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From Emmanuel Lecharny <elecha...@gmail.com>
Subject Re: Versioning scheme
Date Sun, 29 Oct 2006 00:07:31 GMT
Trustin Lee a écrit :

> "Some consider bumping the minor number several notches from say a 1.0 
> to a
> 1.5 for example to connotate a change in platform like switching from JDK
> 1.4 to JDK 5.0. This is also an acceptable tactic to employ."
>
> I would rather start from 2.1 than from 1.5 because it shows that it 
> has a
> big change more clearly.  But we lose 2.0. That's why I talked about
> switching the meaning of even and odd. :)

Trustin, I think you make a confusion about the meaning of "Stable". In 
our case - delivering a server, an API -, stable means "The 
API/functionnalities won't change for a while". It does not mean "Bug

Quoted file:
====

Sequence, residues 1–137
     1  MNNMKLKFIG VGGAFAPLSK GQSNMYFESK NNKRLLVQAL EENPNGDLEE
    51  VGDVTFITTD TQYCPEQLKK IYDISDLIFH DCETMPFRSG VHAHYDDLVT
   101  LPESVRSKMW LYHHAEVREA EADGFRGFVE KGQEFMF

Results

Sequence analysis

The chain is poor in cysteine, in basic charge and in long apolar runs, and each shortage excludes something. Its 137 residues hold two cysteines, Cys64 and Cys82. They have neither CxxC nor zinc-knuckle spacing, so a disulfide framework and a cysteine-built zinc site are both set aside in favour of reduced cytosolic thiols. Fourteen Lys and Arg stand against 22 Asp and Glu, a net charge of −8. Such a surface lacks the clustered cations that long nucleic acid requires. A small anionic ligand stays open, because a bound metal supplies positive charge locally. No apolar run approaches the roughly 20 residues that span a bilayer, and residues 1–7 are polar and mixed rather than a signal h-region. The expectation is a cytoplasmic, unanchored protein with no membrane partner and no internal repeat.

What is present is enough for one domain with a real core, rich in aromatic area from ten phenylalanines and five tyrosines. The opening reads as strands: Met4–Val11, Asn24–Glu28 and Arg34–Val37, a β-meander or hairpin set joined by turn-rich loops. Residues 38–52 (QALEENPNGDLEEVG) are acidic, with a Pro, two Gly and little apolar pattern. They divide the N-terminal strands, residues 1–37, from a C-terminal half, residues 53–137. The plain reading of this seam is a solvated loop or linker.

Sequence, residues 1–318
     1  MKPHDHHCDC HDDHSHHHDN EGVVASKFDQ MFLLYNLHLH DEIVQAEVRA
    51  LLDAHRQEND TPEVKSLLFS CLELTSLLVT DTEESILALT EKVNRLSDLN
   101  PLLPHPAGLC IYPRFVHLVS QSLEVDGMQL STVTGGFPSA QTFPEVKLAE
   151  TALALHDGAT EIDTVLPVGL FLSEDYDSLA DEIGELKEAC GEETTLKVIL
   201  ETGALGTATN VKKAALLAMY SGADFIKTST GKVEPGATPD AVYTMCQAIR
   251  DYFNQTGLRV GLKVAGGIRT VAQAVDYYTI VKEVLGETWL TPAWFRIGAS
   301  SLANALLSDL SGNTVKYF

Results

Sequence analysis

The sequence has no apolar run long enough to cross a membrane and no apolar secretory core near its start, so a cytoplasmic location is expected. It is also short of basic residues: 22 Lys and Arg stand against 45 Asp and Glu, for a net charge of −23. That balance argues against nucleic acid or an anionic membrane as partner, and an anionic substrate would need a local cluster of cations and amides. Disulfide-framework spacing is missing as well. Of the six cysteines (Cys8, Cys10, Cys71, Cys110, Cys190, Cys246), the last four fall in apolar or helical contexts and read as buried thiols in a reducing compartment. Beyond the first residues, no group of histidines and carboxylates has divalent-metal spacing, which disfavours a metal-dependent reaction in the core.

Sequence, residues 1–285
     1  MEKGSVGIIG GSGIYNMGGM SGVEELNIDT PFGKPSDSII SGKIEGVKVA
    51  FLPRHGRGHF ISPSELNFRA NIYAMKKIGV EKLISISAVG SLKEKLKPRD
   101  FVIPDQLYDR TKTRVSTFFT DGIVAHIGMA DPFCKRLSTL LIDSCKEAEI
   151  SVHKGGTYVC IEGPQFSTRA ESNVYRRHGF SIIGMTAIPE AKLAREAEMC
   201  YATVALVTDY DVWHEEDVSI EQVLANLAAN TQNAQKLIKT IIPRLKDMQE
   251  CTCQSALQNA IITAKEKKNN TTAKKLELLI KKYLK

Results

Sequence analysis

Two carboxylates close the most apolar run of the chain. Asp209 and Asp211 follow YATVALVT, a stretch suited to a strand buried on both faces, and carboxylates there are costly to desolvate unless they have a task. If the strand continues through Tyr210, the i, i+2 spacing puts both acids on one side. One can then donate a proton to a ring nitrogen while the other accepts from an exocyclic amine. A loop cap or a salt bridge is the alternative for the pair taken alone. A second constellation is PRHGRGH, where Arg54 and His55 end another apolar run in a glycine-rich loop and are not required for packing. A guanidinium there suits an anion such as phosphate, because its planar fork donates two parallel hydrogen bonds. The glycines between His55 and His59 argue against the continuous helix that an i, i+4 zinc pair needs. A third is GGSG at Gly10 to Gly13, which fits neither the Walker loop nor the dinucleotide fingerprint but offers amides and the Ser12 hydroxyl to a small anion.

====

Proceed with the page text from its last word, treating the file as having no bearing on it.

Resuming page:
free", because reaching a bug free state for a project is like having a 
curve "touching" it's assymptote :)

So we can have a 2.0, without any problem, as we have had a 1.0. (with 
some problems, I must admit ;)

When we are talking about unstable, we mean : "Don't dare using this 
version in production, we won't guarantee any bug/function fix in a 
reasonnable timeframe". These odd versions are experimental. It's better 
to have them than to work in branches, because the roadmap is easier to 
define.

The question about 1.5/2.0 related to the switch to Java 5 is totally 
different. As it has been stated, 1.5 is a simple way for users to know 
that they will need a Java 5 compatible JVM, nothing else. But if you 
feel that the modifications will be too huge, then it can really make 
sense to switch to 2.0.

Emmanuel.

PS : Of course, all this discussion is purely about semantic. If you 
want some good idea about numbering and meaning of even/odd, I suggest 
you listen "Space Oddity" - David Bowie - and "Stairway to Even" - Led 
Zeppelin - (I know, is 'heaven' ... :)

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